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April 3, 1992


Honorable Marion A. Humphrey
Little Rock Municipal Court
600 West Markham Street
Little Rock, AR 72201

RE: Advisory Opinion # 92-02


Dear Judge Humphrey,

Your request for the opinion of this Committee has come to us in two parts: 1) your letter to Mr. Badami dated March 26, 1992, and 2) a phone call from Mr. Badami late in the afternoon of March 30, 1992 during which he read portions of the message you "faxed" to him earlier that day.

A copy of our letter to you dated March 28, 1992 is attached in order to reveal the totality of the facts of your request, and with which we deal. The "faxed" message adds thereto that the April 4th College dinner ticket sale receipts will be used for three purposes: 1) to pay all costs of the dinner including a fee (honorarium) to the speaker; 2) to fund workshops for future training sessions as follow-ups to the theme of the April 4th dinner; and 3) to pay other speakers that may talk at future events sponsored by the College.

You seek our opinion as to the applicability of Judicial Canon 5B(2) to your proposed appearance at this dinner event as its guest speaker and advise that the result of your research into this ethical question persuades you the canon will not be violated, but sufficient question remains in your mind to seek our comments.

Once before we have commented on the question of judges participating in fund-raising events, and while it concerned a little different phase of such activity, we now conclude that its content may be helpful to a better understanding of the purpose of this canon. It was written after considerable research into the question and a copy of it is attached.

Your factual recitation stated that the purpose, or theme, of this dinner meeting is to try and develop ways and means to persuade more young people to attend college, with stress on attendance at Philander Smith. The laudatory nature of this endeavor can in no way be denied.

The involved canon reads:



A judge may participate in civic and charitable activities that do not reflect adversely upon his impartiality or interfere with the performance of his judicial duties. A judge may serve as an officer, director, trustee, or non-legal advisor of an educational, religious, charitable, fraternal, or civic organization not conducted for the economic or political advantage of its members, subject to the following limitations:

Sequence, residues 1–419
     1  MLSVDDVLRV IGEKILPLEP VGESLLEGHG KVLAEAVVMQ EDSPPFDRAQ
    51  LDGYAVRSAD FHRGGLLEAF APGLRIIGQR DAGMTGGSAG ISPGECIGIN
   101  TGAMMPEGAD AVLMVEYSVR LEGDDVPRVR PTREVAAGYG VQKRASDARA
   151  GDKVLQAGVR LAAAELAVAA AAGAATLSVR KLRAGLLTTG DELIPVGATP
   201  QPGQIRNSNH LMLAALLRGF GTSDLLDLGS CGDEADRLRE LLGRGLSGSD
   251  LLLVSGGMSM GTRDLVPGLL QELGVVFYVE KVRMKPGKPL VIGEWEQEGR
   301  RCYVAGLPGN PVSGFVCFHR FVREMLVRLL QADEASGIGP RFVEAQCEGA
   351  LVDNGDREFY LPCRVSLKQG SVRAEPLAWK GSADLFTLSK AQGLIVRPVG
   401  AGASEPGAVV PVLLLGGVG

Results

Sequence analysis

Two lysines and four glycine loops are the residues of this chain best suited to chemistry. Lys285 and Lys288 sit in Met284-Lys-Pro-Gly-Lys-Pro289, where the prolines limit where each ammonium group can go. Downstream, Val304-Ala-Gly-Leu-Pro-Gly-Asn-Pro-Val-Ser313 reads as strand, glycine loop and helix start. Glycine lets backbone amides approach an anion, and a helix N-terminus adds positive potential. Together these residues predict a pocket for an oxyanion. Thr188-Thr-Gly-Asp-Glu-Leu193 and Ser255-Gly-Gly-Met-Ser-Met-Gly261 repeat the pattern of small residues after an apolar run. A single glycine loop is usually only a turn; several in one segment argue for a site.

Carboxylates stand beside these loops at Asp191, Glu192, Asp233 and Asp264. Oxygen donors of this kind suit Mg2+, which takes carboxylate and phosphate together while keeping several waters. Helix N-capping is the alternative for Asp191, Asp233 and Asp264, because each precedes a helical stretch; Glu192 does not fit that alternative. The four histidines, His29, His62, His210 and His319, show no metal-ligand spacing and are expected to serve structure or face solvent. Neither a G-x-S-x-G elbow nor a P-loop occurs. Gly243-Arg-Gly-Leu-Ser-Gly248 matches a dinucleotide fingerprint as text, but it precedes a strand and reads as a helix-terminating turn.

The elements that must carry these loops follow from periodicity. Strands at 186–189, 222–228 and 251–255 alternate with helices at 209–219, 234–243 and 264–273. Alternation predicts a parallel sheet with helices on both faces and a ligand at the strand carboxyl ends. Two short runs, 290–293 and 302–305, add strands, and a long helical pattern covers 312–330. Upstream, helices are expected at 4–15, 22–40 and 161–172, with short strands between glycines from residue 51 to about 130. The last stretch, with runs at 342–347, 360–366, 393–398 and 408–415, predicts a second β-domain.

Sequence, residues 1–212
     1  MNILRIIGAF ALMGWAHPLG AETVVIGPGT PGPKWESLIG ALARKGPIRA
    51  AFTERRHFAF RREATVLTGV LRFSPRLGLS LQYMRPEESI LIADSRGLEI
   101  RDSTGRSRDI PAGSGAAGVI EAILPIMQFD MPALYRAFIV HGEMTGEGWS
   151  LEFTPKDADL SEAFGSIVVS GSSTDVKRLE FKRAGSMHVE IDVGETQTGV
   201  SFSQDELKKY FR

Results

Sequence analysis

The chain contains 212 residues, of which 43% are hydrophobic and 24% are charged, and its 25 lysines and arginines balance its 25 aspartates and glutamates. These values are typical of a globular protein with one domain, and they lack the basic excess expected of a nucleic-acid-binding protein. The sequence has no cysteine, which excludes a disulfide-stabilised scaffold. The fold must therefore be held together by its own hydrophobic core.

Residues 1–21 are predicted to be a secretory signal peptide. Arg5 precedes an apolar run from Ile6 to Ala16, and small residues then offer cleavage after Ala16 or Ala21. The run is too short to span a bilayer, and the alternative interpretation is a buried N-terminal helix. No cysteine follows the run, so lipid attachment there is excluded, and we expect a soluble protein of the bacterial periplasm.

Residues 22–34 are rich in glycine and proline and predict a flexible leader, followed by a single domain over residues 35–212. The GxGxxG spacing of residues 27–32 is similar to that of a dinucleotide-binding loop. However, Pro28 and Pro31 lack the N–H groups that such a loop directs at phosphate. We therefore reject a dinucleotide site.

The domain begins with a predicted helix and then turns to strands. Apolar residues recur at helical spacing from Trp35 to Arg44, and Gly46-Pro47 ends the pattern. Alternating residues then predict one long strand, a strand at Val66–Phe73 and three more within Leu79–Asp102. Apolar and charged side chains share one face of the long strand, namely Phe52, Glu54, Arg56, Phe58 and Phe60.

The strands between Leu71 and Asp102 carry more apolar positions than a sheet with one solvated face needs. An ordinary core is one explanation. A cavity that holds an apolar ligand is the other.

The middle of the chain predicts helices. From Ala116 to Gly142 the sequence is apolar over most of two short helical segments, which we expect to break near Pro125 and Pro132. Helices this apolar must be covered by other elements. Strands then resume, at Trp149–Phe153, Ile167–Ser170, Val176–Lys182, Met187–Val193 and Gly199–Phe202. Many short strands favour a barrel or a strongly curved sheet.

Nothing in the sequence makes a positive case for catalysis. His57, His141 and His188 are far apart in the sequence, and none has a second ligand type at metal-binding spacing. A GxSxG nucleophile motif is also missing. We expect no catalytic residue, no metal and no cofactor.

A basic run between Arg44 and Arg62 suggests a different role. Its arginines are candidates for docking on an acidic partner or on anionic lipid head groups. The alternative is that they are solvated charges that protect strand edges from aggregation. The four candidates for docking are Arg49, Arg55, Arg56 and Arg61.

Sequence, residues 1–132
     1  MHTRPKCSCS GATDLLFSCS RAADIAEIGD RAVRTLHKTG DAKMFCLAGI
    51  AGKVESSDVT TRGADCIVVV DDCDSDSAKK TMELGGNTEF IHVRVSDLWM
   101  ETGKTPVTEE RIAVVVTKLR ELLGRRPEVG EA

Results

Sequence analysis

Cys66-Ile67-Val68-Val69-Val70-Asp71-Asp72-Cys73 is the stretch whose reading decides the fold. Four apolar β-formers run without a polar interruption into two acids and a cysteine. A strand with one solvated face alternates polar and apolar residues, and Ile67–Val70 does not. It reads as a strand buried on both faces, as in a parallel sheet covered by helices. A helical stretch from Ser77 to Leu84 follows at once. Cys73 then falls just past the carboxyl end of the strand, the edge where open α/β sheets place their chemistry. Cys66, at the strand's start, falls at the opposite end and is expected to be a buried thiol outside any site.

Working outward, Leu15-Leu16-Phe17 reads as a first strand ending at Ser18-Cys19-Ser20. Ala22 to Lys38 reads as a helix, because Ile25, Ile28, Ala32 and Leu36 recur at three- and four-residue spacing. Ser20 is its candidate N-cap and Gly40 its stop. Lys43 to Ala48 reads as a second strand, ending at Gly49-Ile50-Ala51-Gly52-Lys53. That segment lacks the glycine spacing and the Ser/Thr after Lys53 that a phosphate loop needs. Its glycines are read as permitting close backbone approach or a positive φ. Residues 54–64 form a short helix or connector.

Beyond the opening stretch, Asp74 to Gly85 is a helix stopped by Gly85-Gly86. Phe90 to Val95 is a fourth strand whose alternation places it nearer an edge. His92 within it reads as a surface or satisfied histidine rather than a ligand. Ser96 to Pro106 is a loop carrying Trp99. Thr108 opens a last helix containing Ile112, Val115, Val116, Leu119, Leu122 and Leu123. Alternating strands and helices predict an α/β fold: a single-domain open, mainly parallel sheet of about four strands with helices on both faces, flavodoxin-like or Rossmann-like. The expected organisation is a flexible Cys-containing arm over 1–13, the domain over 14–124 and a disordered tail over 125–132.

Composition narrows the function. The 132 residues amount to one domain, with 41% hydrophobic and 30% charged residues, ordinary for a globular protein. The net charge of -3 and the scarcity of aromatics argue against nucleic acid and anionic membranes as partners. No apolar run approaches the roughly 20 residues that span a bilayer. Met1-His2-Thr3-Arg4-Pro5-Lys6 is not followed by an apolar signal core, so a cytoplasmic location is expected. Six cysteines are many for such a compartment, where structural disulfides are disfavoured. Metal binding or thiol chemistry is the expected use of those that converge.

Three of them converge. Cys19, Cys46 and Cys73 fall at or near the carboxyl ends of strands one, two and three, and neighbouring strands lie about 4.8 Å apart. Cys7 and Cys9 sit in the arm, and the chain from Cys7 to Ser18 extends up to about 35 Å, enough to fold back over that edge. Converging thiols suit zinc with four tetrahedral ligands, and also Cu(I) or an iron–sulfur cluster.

(2) A judge should not solicit funds for any educational, religious, charitable, fraternal, or civic organization, or use or permit the use of the prestige of his office for that purpose, but he may be listed as an officer, director, or trustee of such an organization. He should not be a speaker or the gust of honor at an organization's fund-raising events, but he may attend such events.

There are no exceptions, reservations, or modifications to the clearly stated proscribed judicial conduct: if a purpose, or result, of this dinner, even though of lesser importance, even incidental to its main thrust, is to create a fund to pay future costs and expenses of this laudatory college program, the canon clearly provides that the judge may not be its guest of honor or speaker. Your recited "dinner purposes" number 2 and 3, above, strongly suggest that a possible, even probable, purpose of this dinner is to create a fund, no matter how small, for educational purposes of the College, and if so prohibits a judge from speaking thereat.

Because of gaps in your factual recitation we are unable to answer your inquiry with greater certainty, and strongly urge you to inquire deeper into the "fund" part of this College function.


Yours truly,


Bruce T. Bullion, Chair

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